Support for nurses who struggle with mental illness or substance use disorders
By Jonathan Sher
On an intensive care unit where nursing staff and doctors try to stop or stall death, an Ontario RN engages in a more private fight, keeping secret an addiction that she knows compromises the quality of her care.
Kathy* worked hard to earn a plum assignment in 2007 at a teaching hospital, and did so hiding her addiction, she says. While she never used alcohol or narcotics while working, by the one-year mark in the ICU, she knew her conduct away from work was hampering her ability to look after patients.
“Everything was spiraling downwards,” she says. “I was less than my best.”
Kathy hid her addiction for another two years, unwilling to be exposed to public shame and professional disaster. That’s why she is thrilled that four Ontario nursing organizations, including the Registered Nurses’ Association of Ontario (RNAO), have joined forces to create a path for nurses who need support for mental illness and/or substance use disorders. It is a path that focuses on recovery, not shaming and punishment.
Launched in January 2019, the Nurses’ Health Program (NHP) provides nurses a way to seek help outside the glare that comes when they are reported to the College of Nurses of Ontario (CNO), referred to the Fitness to Practice Committee, and have restrictions or conditions placed on a public register. Similar programs exist for other health professionals in the province, including pharmacists, physicians and veterinarians.
The new program is run independently of CNO, which provides two of the eight members of NHP’s board, the other six split evenly among RNAO, Ontario Nurses’ Association (ONA), and the Registered Practical Nurses Association of Ontario (RPNAO).
“RNAO is delighted to partner with CNO, ONA and RPNAO in developing this program. Nurses who are dealing with issues of mental illness and addiction need support to overcome their challenges,” RNAO CEO Doris Grinspun explains. “NHP offers them a new avenue. We take great pride in being able to offer a program like this.”
Nurses have two avenues to NHP. They can contact the program and seek help on their own, or, if they are reported to CNO, they may be given a choice to enrol in NHP as an alternative to a possible health inquiry process, so long as they comply with their treatment and monitoring plan, including any limits placed on them. At no time will their health disorder be publicly disclosed.
This anonymity will not shield nurses from public accountability. Those who can’t practise safely won’t be allowed to do so. And nurses who too often fail to follow through on treatment and monitoring commitments can be removed from NHP and referred to CNO. “This program is a huge step forward. It will help nurses to get the specialized treatment and support they need, so they can work towards healthy recovery to be able to continue in their dedication to high-quality patient care,” ONA President Vicki McKenna says.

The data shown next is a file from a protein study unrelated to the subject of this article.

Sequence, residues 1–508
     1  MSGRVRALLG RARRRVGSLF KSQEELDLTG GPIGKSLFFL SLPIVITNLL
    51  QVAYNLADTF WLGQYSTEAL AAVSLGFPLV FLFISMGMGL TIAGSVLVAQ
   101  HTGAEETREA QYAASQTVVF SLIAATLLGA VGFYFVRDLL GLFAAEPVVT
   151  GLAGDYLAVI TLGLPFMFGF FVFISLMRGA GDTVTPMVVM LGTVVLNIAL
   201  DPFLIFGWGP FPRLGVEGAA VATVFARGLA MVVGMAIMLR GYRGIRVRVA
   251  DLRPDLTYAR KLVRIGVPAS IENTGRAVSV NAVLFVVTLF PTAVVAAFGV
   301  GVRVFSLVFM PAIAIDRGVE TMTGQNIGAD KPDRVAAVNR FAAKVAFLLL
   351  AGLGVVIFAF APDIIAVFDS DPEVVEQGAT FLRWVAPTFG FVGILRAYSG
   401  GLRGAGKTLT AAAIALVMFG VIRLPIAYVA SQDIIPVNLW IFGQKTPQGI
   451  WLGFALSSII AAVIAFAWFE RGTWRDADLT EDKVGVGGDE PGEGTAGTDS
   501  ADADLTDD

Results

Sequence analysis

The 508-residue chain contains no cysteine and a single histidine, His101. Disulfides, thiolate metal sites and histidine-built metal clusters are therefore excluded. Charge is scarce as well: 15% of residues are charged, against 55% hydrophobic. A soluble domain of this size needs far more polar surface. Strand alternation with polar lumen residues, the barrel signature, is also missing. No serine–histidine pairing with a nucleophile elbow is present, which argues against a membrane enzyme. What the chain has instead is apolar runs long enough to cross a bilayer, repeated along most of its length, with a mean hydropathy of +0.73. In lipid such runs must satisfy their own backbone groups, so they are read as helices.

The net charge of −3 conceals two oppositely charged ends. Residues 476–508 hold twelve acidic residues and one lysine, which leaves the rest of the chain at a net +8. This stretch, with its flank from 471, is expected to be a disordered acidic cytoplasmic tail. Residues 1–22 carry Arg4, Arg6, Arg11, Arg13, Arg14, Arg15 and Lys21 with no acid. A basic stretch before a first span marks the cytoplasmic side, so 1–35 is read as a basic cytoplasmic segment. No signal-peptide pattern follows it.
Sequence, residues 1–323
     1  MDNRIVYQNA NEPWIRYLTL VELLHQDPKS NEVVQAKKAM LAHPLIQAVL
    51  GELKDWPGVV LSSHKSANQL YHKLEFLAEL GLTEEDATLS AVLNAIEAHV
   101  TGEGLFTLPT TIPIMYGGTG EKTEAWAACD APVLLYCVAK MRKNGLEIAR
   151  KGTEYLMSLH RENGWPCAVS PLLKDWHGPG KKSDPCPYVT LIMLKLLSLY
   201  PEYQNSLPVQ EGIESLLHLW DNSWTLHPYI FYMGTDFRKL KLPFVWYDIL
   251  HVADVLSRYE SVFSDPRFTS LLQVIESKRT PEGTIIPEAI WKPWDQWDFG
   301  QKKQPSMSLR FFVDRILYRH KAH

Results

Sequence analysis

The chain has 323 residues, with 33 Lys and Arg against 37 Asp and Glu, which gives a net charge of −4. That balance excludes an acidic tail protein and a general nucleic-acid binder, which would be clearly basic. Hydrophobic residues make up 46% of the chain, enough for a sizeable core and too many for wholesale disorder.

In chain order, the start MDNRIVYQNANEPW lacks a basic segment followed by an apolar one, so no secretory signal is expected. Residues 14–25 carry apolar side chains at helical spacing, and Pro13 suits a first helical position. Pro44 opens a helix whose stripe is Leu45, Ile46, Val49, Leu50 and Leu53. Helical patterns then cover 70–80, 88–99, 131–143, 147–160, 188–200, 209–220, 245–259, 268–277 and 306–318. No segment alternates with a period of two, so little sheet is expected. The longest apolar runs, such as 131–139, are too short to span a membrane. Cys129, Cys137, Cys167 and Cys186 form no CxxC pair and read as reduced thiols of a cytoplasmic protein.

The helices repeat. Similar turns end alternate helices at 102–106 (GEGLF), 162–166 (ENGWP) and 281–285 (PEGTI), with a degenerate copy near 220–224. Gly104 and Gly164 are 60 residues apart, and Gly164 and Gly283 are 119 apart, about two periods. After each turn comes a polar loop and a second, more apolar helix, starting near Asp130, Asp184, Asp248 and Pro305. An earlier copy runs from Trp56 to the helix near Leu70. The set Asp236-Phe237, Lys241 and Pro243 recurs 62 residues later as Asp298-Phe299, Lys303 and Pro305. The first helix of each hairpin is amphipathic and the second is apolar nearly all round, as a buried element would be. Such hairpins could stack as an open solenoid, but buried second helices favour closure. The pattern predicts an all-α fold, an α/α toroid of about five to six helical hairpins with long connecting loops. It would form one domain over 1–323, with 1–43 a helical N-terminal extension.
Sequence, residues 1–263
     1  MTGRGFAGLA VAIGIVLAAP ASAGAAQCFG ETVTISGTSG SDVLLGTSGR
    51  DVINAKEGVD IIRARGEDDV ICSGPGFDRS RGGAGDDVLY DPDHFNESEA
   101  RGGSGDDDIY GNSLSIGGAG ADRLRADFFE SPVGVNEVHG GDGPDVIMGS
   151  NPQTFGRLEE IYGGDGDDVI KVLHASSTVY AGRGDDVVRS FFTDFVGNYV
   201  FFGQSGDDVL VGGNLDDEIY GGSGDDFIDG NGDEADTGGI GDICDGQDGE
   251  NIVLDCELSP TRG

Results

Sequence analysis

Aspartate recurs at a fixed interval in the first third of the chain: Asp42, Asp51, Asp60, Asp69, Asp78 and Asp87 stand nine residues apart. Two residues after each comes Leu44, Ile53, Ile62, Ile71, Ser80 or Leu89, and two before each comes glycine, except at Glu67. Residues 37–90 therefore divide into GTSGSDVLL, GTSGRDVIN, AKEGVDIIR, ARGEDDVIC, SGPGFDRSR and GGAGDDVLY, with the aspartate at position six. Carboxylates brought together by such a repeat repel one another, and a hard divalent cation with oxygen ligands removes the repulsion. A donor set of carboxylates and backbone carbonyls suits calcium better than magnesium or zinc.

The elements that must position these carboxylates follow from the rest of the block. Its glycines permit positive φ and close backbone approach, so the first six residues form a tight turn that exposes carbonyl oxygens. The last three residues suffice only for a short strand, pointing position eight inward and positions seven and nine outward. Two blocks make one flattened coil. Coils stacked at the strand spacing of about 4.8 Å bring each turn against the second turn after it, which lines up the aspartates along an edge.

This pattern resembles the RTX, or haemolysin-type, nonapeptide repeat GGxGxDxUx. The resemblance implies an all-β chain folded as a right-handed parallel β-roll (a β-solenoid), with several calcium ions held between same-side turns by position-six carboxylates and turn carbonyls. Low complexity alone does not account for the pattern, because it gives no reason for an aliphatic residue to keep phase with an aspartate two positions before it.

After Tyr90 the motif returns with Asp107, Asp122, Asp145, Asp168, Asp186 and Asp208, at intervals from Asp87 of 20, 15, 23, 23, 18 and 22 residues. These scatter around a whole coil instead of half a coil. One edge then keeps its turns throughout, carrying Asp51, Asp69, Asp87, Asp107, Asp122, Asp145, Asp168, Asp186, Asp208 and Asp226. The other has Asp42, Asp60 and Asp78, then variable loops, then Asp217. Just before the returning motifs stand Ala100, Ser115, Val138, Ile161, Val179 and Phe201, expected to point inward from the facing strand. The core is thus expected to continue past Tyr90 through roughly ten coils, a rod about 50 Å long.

Indeed, NHP strikes the right balance between protecting the public from harm and providing timely and confidential support for nurses who need it. “There is significant research showing that voluntary and confidential professional health programs are highly effective both in supporting recovery and protecting the public,” says Anne Coghlan, CNO’s chief executive officer.
From a nurse’s perspective, the NHP approach is far better for everyone, Kathy says, because a strictly punitive approach drives nurses to hide illness and addiction, something that places them and their patients at risk.
After years of treatment and monitoring that included twice weekly urine tests, CNO’s Fitness to Practice Committee removed restrictions on Kathy’s license, and she began her search for a nursing position. She estimates more than 200 employers turned her away. The few that offered interviews did so having not read Find a Nurse, the public register. When she volunteered the information on the register – which she believed she was obligated to do – she was quickly shown the door.
NHP assigns a case manager to each nurse, which is critical, Kathy says. “It’s so helpful to have a human face and voice you can talk to. Otherwise, the self-hate and self-loathing (can be) overwhelming,” she says. “I had suicidal thoughts. You know you let your profession down, yourself down, your family down.”
Nurses place so much focus on helping others, they too often neglect themselves, says RPNAO CEO Dianne Martin. “I’m proud that this evidence-based program will help tackle the stigma and support nurses to come forward and get the help they need.”
Now clean for nine years, Kathy is enjoying work and life. She’s worked hard for clarity and peace, and thinks that NHP could have provided a far speedier and less traumatic path to recovery. “(Nurses) always envied doctors because they had a program that offered (confidentiality). This is such a great step.”
*A pseudonym has been used to protect privacy.
Jonathan Sher is senior writer for RNAO, the professional association representing registered nurses, nurse practitioners, and nursing students in Ontario. This article was originally published in the January/February 2019 issue of Registered Nurse Journal.